Opioid Resource Center
Opioid Resource Center
May 24, 2019
2 min read

Twin Cities Orthopedics opioid guidelines program reduced prescriptions after orthopedic surgery

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Gary Wyard headshot
Gary Wyard

Twin Cities Orthopedics in the Minneapolis/St. Paul area has significantly reduced pain medication prescriptions and improved the habits for safe disposal of unused medications while maintaining high patient satisfaction levels with implementation of an opioid guidelines program.

The three-phase program, which also helped build consensus among orthopedic surgeons in the practice, was launched in 2017 to evaluate opioid prescribing patterns within the group.

“We wanted to cut down on the amount of opiates patients were consuming and diminish the time that patients were taking opiates after surgery. Furthermore, we wanted to do this and still monitor their satisfaction with pain control and surgical outcome scores,” Gary Wyard, MD, chief medical officer and senior physician at Twin Cities Orthopedics (TCO), told Healio.com/Orthopedics. “We cared not only about how their pain was being taken care of, we cared about their general well-being.”

According to Wyard, who oversaw the TCO prescription protocols, physicians involved in the program identified a wide variability in the amount of opioids and morphine equivalent units that were prescribed following 13 specific procedures, which included knee and hip replacement, laminectomy, ACL repair and arthroscopy.

“[T]his large dosing variability among different surgeons made no sense,” Wyard said. “There was no science behind it; it was just habit.”

In addition, patients were taking less than 50% of the pills they were prescribed, which he said may lead to opioid prescriptions being misdirected.

“In other words, the excessive amounts of drugs may be misused by the general community and have adverse consequences that result in habitual use and/or eventual opioid addiction,” Wyard said.

Guidelines provide physician, patient resources

In response to these findings, TCO reviewed established guidelines that would provide resources for both physicians and patients. Physicians were provided prescription reference cards that listed the maximum recommended quantity of pills per episode of care and the appropriate dosage. The reference cards also explained to physicians the practice’s new protocols, which included:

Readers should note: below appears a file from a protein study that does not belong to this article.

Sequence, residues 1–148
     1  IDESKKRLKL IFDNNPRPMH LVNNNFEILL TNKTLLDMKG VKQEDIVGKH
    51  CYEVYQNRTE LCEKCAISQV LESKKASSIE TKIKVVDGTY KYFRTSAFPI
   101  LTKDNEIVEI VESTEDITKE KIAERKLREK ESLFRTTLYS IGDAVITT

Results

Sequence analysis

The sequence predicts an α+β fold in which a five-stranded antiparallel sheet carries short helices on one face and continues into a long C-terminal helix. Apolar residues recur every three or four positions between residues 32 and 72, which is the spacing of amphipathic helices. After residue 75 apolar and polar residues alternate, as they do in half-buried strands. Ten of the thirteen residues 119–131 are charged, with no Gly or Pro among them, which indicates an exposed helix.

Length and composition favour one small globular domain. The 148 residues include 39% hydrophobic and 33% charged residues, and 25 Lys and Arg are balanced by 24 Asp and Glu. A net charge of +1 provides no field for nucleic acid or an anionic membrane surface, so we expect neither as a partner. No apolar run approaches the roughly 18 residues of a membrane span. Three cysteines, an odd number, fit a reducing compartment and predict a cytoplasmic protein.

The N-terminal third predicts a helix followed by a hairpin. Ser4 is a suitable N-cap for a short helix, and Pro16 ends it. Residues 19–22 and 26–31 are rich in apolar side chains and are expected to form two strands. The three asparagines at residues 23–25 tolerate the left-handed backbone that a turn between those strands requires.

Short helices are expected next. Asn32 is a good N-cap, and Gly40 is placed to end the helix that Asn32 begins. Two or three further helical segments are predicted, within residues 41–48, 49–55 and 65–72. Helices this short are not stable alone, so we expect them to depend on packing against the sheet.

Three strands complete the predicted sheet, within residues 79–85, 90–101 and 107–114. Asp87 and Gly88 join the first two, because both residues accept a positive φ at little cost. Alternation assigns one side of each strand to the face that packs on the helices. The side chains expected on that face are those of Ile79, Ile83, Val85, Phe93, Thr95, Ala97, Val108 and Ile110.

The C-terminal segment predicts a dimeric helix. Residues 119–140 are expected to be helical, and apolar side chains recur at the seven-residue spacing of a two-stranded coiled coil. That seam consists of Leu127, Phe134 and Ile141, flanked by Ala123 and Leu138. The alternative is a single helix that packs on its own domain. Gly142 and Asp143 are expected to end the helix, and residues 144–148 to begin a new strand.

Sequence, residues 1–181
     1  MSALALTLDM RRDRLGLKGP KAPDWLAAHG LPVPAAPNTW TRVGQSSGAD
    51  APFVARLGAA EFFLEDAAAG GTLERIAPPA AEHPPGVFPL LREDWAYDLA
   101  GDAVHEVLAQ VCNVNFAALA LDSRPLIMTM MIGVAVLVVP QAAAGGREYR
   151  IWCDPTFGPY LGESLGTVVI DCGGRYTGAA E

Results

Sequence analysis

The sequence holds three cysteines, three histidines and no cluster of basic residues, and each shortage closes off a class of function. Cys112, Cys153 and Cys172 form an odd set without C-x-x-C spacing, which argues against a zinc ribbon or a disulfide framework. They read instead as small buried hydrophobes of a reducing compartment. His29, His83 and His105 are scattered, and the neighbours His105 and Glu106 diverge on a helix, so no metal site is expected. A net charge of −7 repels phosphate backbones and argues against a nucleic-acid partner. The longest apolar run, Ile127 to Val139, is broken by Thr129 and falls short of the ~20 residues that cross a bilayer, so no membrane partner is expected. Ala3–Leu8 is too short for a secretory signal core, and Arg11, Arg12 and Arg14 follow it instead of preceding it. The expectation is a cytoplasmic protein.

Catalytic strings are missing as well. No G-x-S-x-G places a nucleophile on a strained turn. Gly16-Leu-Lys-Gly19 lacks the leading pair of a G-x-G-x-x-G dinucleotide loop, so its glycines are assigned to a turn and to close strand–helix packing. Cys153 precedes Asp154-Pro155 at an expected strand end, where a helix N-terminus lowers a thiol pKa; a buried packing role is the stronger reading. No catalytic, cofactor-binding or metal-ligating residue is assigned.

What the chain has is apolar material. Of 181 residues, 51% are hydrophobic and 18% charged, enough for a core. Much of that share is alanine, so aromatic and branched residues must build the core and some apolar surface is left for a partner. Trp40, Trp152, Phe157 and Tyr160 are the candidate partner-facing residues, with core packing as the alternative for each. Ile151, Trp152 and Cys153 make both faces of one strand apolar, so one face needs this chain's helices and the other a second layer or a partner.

- All physicians had to register with the Prescription Monitoring Program;

- Opioid prescriptions could not be provided if a patient had not been seen for more than 2 months;

- Physicians could not provide refills for pain flare-ups;

- Physicians could not provide early refills;

- Physicians could only prescribe short-acting medications; and

- Physicians were required to use alternative pain medication (acetaminophen, ibuprofen, Ultram [tramadol], etc.) and other measures, such as ice, physical therapy, counseling, etc., before prescribing opioids.


At office visits, patients also received a pamphlet that contained information about narcotics, what to expect after surgery, pain management strategies and proper disposal of medications.

Reduction in opioid use

When these guidelines were implemented, the group saw a reduction in the average number of pills prescribed, from 41 to 16 pills, and patient satisfaction with pain control was maintained at 89%, Wyard said.

“In our postoperative outpatient surgical patients, 46% now do not get any narcotics at all because we educate them by giving them information on pain control and we explain methods of disposing of their excess narcotics,” he said.

TCO continues to monitor the effect of its new opioid guidelines through patient surveys and plans to adjust the program as needed based on physician and patient feedback. Wyard said he hopes the program continues to reduce the role physicians have had in over-prescribing opioids after orthopedic surgery.

“The success of our program comes from having leadership and/or a physician champion changing the opioid-prescribing culture,” Wyard said. “You have to utilize respected physicians in the group to build consensus throughout the group on why and how those guidelines will be implemented.” – by Casey Tingle





Disclosure: Wyard reports no relevant financial disclosures.